Tallahassee, FL - Hit by rising costs and increased energy use, Niceville’s Twin Cities Hospital filled a prescription to be more energy efficient, earning them the Florida Public Service Commission’s (PSC) May Triple E Award for Energy Efficiency Efforts.
“Hospitals are large energy consumers, since they operate 24 hours a day and patient care often depends on electricity,” said PSC Chairman Julie Brown. “We especially recognize Twin Cities Hospital management who contacted their utility to find ways to reduce energy costs, so they can redirect their energy savings to patient care.”
Gulf Power Company (Gulf Power) advised the hospital’s engineers to install a Heat Recovery Chiller (HRC), which was completed last month. The HRC preheats the water going to the natural gas boiler, reducing or even eliminating the boiler’s work because it can heat water more efficiently. HRCs are ideal for use in buildings with simultaneous cooling and heating loads such as hospitals, hotels, and higher education buildings.
“Gulf Power worked with us to realize energy and cost savings,” said Hugo Garza, Twin Cities Hospital Director of Engineering. “With the new HRC now operational, in just one day, the hospital saved 110 therms. We are pleased with this early energy savings and look forward to continued savings that will help with patient care and customer service.”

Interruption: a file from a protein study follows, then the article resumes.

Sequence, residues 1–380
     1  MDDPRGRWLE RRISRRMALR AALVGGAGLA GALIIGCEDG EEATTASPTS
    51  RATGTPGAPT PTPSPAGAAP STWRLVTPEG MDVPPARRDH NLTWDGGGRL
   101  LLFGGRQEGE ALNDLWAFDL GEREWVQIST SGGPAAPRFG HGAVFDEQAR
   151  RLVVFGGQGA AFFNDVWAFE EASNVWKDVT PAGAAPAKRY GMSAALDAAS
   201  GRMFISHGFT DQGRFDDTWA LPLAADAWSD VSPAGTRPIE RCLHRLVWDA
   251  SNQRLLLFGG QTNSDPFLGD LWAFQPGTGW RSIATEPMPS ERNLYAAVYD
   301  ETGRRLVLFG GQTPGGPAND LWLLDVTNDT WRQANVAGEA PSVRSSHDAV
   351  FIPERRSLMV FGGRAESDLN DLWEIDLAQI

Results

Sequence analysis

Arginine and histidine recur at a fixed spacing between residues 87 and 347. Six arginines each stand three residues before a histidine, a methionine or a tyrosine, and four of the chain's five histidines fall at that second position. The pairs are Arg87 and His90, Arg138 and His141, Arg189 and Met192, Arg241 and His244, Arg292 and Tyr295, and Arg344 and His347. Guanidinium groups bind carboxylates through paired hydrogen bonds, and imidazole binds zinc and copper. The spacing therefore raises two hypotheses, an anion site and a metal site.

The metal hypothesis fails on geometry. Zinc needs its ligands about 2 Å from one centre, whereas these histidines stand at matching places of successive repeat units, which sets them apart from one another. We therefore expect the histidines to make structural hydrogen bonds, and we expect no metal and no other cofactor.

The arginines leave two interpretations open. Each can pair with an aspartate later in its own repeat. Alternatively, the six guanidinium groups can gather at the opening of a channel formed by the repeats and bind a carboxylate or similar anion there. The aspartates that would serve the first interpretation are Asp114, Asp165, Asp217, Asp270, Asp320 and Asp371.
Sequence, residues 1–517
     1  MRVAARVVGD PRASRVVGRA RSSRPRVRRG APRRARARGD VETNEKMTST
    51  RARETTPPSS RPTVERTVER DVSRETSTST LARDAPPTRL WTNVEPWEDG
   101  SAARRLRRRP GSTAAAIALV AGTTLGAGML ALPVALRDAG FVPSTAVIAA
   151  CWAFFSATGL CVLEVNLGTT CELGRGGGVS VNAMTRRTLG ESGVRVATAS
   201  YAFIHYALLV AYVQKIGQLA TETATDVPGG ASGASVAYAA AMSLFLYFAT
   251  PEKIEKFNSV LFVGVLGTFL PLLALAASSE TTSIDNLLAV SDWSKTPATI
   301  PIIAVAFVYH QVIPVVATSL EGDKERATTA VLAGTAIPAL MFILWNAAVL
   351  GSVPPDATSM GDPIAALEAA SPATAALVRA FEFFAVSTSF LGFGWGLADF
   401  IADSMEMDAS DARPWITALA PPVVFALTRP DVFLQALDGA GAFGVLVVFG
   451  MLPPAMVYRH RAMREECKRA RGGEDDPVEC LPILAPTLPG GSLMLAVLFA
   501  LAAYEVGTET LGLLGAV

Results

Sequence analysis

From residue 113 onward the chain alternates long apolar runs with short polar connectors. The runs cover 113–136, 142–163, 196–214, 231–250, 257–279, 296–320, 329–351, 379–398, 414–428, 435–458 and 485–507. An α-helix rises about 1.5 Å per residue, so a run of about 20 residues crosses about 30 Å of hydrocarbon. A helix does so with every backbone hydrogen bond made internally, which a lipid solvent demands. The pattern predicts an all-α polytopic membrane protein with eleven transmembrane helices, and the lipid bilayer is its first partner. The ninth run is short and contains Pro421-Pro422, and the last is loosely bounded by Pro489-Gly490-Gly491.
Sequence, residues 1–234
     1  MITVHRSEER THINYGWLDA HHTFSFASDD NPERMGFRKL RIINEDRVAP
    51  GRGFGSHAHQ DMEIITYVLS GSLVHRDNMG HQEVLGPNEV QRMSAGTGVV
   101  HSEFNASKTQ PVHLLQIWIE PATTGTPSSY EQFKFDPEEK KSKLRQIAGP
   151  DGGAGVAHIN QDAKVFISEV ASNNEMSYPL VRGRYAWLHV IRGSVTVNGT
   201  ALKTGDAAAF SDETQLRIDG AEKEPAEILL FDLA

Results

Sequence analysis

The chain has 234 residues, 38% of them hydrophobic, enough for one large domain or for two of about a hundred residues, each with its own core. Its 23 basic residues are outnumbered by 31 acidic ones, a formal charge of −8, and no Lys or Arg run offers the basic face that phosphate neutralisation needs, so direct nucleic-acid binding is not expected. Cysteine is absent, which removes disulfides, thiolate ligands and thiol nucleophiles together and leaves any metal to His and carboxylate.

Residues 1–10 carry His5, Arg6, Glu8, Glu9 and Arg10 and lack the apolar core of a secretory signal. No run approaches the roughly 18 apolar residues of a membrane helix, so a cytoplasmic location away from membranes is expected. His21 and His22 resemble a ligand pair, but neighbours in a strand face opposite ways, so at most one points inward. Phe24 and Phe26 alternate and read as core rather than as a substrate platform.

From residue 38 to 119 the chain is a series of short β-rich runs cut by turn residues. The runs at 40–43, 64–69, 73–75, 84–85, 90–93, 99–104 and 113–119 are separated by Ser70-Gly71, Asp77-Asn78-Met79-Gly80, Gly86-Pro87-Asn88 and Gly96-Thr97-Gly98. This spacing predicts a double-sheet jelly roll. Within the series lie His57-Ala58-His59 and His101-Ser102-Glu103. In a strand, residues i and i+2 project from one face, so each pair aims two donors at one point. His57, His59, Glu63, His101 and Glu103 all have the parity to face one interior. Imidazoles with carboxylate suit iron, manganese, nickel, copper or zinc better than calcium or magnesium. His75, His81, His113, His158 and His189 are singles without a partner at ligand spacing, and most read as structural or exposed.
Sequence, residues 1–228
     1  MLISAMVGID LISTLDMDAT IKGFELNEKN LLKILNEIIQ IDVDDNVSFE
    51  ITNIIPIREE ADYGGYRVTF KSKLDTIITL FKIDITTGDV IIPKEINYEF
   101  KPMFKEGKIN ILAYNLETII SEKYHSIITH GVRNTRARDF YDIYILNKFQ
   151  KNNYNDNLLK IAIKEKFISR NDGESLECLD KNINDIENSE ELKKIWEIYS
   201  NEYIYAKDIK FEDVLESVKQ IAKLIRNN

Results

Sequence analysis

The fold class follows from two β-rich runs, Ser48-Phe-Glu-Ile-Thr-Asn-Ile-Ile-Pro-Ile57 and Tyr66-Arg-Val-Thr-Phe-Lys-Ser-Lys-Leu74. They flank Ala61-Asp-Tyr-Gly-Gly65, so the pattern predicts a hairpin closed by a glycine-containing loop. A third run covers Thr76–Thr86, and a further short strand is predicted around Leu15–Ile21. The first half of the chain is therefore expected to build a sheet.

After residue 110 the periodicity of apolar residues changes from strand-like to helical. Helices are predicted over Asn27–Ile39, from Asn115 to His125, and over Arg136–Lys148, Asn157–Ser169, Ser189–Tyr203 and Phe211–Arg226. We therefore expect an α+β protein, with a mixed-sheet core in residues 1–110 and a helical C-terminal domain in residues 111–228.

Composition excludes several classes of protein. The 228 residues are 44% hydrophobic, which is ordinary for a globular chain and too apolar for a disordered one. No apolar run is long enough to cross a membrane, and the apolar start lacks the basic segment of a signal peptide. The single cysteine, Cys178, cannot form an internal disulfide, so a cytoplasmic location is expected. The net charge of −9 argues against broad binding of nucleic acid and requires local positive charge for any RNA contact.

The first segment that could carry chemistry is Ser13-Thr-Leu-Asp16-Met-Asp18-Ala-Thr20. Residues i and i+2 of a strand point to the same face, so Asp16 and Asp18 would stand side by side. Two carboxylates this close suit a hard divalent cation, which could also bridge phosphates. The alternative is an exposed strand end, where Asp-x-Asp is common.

“Although hospitals use a lot of energy, they have a great opportunity for energy savings, as do many of our business customers,” said Natalie Smith, Gulf Power spokesperson. “We applaud Twin Cities Hospital’s commitment to save energy and return the cost savings to its core commitment of helping people get well.”
Covering the state’s five major geographic areas, each month the PSC presents its Triple E Award to a local business that has accomplished superior energy efficiency. Look for past Triple E Award recipients under Hot Topics on the PSC’s homepage, www.floridapsc.com. The PSC encourages cost-effective conservation and renewable energy to reduce the use of fossil fuels and defer the need for new generating capacity through the Florida Energy Efficiency and Conservation Act.